I have two further points to make. The first is in response to the noble Earl, Lord Russell, and is most important. Even given the number of descriptions that we have set down in the tariff so far and which may soon be approved by Parliament, it still may be possible to have an injury which does not fall neatly within any of those categories and to which the board deems a new description must be applied; or, indeed, the board may decide that it should fit into a particular category and a particular band. In such a case, it would be for the authority to make the determination. If necessary, that would have to be presented to the appellate body which could make an interim payment to the claimant while making a recommendation to my right honourable friend the Home Secretary. He would then present Parliament
Secondly, I should like simply to spell out the review system. As was said earlier, the Secretary of State remains responsible for the scheme itself but not for the individual decisions taken. The process then allows for an applicant to have an application considered and determined by the authority. If the applicant remains dissatisfied, he can request a review by a more senior officer. If he continues to be dissatisfied, he can then appeal to the appellate body. If the applicant remains unhappy, it is possible as a very longstop to resort to judicial review. If the applicant believes at any time that the administrative process has not been appropriate or that there has been some maladministration, then that person would come under the jurisdiction of the ombudsman with whom we shall be dealing in relation to a later amendment.
The roles are distinct. The appeals system is fair; indeed, it is a very sophisticated system. I also believe that we have a mechanism in place which will be subject to parliamentary approval to deal with those anomalous cases which come before the board from time to time and which do not fit neatly into the categories set out in the tariff of the scheme.
Lord Archer of Sandwell: I must tell the noble Earl, Lord Russell, that his intervention would have been a powerful contribution to some of the issues that we debated yesterday. I hope that he will be able to participate when those debates return to the Chamber on Report. They are important themes in the Bill.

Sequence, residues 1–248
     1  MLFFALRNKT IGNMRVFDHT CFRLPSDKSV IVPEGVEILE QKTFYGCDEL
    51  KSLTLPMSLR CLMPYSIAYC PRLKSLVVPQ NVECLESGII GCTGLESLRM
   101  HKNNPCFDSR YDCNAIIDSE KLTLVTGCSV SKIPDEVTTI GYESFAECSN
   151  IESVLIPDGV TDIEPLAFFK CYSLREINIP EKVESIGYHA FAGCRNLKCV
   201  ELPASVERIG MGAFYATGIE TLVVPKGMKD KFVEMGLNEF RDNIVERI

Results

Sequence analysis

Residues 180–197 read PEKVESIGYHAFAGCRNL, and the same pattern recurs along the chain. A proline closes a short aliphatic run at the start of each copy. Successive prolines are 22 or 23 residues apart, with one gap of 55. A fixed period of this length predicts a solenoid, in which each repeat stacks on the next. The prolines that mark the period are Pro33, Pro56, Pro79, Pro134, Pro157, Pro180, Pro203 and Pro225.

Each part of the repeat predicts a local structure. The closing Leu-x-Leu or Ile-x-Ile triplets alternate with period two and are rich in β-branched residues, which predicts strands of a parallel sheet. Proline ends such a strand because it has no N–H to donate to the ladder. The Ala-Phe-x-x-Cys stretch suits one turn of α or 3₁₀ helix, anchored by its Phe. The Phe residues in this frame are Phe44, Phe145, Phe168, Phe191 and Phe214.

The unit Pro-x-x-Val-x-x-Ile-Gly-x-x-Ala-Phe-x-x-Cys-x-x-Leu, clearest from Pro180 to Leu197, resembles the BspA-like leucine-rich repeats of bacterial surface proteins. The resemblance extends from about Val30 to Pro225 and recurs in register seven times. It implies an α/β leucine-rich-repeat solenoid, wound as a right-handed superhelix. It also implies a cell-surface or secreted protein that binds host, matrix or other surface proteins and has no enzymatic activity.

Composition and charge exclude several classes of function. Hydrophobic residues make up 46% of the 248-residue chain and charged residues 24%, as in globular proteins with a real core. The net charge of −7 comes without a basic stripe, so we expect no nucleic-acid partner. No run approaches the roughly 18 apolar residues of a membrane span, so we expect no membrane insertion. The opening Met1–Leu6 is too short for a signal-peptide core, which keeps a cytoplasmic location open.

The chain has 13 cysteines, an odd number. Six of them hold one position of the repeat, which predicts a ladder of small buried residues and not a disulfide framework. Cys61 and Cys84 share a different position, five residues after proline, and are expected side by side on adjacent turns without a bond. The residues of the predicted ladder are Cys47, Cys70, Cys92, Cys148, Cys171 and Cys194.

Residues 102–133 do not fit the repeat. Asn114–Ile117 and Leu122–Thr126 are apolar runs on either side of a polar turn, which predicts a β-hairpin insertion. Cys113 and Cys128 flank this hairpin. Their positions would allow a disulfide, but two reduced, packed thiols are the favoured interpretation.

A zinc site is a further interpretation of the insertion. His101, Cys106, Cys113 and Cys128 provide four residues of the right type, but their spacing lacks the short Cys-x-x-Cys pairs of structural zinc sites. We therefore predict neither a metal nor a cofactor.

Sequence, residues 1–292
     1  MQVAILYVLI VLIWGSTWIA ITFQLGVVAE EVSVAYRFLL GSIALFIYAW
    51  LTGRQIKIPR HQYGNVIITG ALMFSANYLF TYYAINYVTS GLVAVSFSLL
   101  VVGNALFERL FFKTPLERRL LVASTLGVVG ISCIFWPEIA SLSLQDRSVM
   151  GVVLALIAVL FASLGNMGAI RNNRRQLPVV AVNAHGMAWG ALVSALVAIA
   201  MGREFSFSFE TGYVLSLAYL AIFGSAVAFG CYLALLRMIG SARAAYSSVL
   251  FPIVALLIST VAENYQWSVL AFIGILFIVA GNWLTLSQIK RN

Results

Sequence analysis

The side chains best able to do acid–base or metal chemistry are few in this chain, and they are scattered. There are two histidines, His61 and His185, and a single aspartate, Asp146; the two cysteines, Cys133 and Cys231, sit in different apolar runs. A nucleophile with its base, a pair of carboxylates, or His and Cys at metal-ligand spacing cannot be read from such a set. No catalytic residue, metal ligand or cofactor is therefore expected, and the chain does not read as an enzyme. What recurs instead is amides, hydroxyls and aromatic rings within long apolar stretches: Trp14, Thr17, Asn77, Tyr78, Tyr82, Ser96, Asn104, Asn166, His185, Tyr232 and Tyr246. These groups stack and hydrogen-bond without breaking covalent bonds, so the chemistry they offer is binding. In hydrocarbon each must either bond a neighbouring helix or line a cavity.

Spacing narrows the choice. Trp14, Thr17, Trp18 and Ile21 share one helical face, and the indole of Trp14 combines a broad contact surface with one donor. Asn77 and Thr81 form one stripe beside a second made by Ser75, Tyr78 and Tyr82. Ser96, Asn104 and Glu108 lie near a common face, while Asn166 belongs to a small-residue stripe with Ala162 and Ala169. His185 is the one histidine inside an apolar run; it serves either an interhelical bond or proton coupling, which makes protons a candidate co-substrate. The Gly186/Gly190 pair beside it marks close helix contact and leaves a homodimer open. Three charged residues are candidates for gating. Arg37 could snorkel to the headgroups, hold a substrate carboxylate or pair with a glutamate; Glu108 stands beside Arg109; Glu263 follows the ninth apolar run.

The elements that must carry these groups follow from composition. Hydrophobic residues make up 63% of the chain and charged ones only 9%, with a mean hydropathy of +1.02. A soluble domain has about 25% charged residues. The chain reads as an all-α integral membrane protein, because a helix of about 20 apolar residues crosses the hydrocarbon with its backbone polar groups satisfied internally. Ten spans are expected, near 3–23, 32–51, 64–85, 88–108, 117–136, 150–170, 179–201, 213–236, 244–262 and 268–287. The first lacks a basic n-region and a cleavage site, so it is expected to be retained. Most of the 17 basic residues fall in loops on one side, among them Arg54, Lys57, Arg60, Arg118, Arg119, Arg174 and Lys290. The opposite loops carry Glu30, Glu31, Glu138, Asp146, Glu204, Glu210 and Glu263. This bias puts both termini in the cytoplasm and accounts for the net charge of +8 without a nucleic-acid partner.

I turn now to the Minister's response. I do not believe that I introduced the amendment very well. I accept that that was my fault. However, the point of issue is not the details of the review scheme. As schemes go, it is not a bad scheme. We were faced with the difficulty of trying to bring into the Bill the essentials of what was in effect an appellate scheme, leaving the details outside the Bill. As with some of our other amendments, it was not an easy task. Perhaps we did not do it very well.
Similarly, I appreciate that the Minister's brief was prepared in advance of the debate. However, I thought that I said enough on Second Reading to indicate what was really in our minds. The points in issue were not referred to in the Minister's response. We are very largely agreed on that. What is in issue is that a judicial process should be included in a statute and not in secondary legislation. It should not be left to the Executive to decide on the functions and constitution and powers of the judiciary. It is a constitutional point that we are making.
I wonder whether the noble Baroness would have used the same arguments if we were dealing with an appeal to the High Court and we were setting up a separate division of the High Court for the purpose of hearing the appeal. What troubles me is that I have a suspicion at the back of my mind that she would have done so, because from the way in which the mind of the Home Office seems to be working at the moment that could well have been in her brief. But obviously I have
What we are troubled about is the whole business of the separation of powers; what we are troubled about is the Executive making provision for judicial hearings about complaints about the Executive. There is no point in my going on at this stage. I am quite happy, if the noble Baroness would care to have a private conversation, to discuss this with her, with or without her officials. It is something to which we shall return, but this is obviously not the occasion to deal with it. For the moment, I beg leave to withdraw the amendment.
Baroness Seear: Before the noble and learned Lord sits down I wish to say that we on these Benches strongly support the point he has made about administrative action where judicial action is required and the enormous importance of the separation of the powers.